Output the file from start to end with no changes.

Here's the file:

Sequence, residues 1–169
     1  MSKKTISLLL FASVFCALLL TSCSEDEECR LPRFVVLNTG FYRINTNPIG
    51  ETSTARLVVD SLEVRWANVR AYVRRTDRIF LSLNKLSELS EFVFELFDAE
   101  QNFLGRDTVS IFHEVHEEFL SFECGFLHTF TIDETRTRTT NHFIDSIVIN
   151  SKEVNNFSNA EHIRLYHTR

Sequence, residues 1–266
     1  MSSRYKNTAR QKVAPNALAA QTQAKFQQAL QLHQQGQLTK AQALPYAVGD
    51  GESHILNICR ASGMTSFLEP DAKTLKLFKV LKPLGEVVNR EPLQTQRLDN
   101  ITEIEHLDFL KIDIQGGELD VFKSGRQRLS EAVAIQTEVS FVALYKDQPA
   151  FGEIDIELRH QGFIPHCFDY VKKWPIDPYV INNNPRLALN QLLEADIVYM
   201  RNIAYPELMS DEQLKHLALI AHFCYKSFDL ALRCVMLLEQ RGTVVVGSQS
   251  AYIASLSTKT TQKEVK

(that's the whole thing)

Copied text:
Sequence, residues 1–169
     1  MSKKTISLLL FASVFCALLL TSCSEDEECR LPRFVVLNTG FYRINTNPIG
    51  ETSTARLVVD SLEVRWANVR AYVRRTDRIF LSLNKLSELS EFVFELFDAE
   101  QNFLGRDTVS IFHEVHEEFL SFECGFLHTF TIDETRTRTT NHFIDSIVIN
   151  SKEVNNFSNA EHIRLYHTR

Sequence, residues 1–266
     1  MSSRYKNTAR QKVAPNALAA QTQAKFQQAL QLHQQGQLTK AQALPYAVGD
    51  GESHILNICR ASGMTSFLEP DAKTLKLFKV LKPLGEVVNR EPLQTQRLDN
   101  ITEIEHLDFL KIDIQGGELD VFKSGRQRLS EAVAIQTEVS FVALYKDQPA
   151  FGEIDIELRH QGFIPHCFDY VKKWPIDPYV INNNPRLALN QLLEADIVYM
   201  RNIAYPELMS DEQLKHLALI AHFCYKSFDL ALRCVMLLEQ RGTVVVGSQS
   251  AYIASLSTKT TQKEVK